Problem Identification:
There is no common network infrastructure providing connectivity across City departments. Individual departments have developed local area networks and wide area networks to serve their individual needs, but there are few connections between these networks and, as a result, no effective links for moving data and information. A well-designed network infrastructure is a prerequisite for implementing technologies necessary to move the City forward.

Recommended Action:
Complete implementation of the Metropolitan Area Network backbone to provide core network services and connectivity to all City departments.

Cost Savings, Service Improvement

Functional/Operational Area:

Estimated Annual Impact:
Cannot be Estimated

Estimated Implementation Costs:
Not Determined

Barriers to Implementation:
Lack of empowered CIO to spearhead this development project; lack of network standards; and a Municipal Telephone Exchange independent of the City’s IT infrastructure providing inadequate service levels in the procurement of communications services.

Projected Implementation:
1 – 2 years

Next Steps:
Commission a comprehensive network analysis and requirements study to assess current technology, develop architecture, and evaluate annual financial impact, assess current network staffing levels and develop project staffing plan, and identify outsourcing opportunities

Computer networks are as essential to providing services to City residents such as telephone networks, electrical power grids, and water and waste water systems. Unlike these other services, however, the City government’s approach to computer networking has been scattered and lacking direction. Many individual departments have implemented networks that serve the specific mission of that department, but these networks do not realize the potential for sharing information and applications across departments. The end results of this lack of direction include:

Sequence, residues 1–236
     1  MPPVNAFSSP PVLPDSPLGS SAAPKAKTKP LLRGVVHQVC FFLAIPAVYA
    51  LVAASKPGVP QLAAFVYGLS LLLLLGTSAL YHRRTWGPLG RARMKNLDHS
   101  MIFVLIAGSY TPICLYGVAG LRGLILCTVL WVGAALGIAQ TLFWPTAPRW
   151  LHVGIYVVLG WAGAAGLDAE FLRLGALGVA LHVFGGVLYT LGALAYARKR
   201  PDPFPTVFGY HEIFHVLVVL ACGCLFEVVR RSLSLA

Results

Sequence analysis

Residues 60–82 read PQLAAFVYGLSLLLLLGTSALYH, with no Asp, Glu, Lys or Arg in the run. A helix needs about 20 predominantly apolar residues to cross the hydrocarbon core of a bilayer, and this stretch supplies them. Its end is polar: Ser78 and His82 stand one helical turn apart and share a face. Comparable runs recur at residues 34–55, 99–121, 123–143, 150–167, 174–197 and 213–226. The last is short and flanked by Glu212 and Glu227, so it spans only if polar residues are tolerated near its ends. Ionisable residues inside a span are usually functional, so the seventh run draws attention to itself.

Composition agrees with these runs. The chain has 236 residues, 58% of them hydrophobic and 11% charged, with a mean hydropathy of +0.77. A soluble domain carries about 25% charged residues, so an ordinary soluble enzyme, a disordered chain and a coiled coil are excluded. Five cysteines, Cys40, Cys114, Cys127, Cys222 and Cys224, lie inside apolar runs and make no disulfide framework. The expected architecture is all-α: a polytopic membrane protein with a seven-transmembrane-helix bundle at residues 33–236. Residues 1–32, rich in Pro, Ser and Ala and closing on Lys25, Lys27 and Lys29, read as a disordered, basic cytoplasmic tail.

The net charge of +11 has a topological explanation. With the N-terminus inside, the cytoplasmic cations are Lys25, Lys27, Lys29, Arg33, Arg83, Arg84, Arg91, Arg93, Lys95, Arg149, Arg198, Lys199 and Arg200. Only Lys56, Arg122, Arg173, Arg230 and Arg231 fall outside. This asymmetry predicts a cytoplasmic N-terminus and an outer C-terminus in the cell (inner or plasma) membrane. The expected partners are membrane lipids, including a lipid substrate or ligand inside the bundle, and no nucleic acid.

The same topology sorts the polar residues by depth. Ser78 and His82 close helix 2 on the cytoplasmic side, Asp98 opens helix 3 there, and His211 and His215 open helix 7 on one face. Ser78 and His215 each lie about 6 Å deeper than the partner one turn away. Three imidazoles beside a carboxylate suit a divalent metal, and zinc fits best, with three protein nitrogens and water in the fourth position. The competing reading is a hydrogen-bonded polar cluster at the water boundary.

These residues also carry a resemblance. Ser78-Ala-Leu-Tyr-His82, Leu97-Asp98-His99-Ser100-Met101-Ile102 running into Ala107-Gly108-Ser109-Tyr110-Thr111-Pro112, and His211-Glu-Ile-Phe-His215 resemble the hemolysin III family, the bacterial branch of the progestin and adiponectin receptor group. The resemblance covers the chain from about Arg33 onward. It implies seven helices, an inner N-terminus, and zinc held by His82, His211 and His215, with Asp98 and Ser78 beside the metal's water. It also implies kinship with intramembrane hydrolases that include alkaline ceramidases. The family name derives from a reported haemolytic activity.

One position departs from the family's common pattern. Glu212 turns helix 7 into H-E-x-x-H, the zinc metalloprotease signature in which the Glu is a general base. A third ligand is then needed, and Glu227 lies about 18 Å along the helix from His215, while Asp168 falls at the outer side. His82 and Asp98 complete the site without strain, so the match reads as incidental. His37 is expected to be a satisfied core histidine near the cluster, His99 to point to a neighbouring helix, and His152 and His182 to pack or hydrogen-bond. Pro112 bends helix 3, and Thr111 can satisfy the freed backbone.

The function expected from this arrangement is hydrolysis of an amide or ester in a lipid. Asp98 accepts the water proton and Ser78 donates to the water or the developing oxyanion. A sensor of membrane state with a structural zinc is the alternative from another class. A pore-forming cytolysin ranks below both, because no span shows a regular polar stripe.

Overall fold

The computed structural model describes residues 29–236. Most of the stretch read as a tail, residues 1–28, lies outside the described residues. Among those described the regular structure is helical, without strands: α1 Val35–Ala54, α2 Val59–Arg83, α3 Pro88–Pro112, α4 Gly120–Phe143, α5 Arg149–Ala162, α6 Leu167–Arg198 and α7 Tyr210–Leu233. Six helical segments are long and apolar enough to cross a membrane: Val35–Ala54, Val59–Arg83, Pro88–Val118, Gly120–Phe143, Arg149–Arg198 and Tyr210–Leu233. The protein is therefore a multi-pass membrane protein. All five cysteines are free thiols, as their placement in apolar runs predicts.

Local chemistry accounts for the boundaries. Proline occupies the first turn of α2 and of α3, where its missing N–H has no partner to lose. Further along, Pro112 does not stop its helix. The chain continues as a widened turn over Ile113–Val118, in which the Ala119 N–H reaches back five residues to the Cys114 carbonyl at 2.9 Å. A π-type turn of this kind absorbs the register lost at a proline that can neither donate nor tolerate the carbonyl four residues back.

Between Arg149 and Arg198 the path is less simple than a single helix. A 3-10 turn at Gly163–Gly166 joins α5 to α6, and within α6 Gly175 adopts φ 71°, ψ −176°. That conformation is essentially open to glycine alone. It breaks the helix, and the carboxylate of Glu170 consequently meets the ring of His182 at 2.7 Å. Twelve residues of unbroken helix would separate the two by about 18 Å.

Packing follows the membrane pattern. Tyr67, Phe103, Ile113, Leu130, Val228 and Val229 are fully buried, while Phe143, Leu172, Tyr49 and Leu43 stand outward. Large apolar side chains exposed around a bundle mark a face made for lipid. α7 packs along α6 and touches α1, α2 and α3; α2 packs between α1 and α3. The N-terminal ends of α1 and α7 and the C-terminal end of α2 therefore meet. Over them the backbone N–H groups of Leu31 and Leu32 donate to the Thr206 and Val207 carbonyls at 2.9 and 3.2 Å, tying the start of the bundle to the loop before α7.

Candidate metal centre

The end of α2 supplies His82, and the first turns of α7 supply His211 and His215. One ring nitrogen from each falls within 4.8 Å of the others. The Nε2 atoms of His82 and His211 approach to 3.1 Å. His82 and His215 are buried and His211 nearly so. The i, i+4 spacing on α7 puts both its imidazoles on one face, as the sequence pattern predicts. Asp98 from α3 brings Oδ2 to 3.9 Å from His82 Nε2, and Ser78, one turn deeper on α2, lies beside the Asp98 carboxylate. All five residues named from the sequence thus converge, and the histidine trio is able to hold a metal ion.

– Users in HCD have two terminals on their desks; one to access HCD data, the other to access systems managed by the Bureau of Information Technology Services because the two networks are not connected.

– E-mail between departments is transported across the Internet with a resultant lack of security and the inefficiency of paying for multiple dial-up service providers.

– There are multiple Internet connections in departments. Every connection provides the opportunity for hackers to break into City networks and jeopardize data. A single, high-capacity, secure Internet connection should be a service provided on a centralized network.

– A Citywide e-mail system cannot be developed.

– Applications, such as GIS or a unified help desk system, cannot be implemented.

– Duplication of effort for maintenance of all of the local networks is pervasive. A well designed, manageable network can be centrally monitored allowing problems to be detected before they cause major outages while improving the service level to all network users.

– Miles of fiber optic cable have been installed around the City, but ownership of these cables is neither centralized nor coordinated. Many cables have been installed with no apparent purpose.

Construction of an effective wide area network is complex and costly, but is a necessary investment in infrastructure to implement the kind of technologies that will allow departments to streamline operations and improve services.

This recommendation transcends the five studied departments and should apply to all City departments.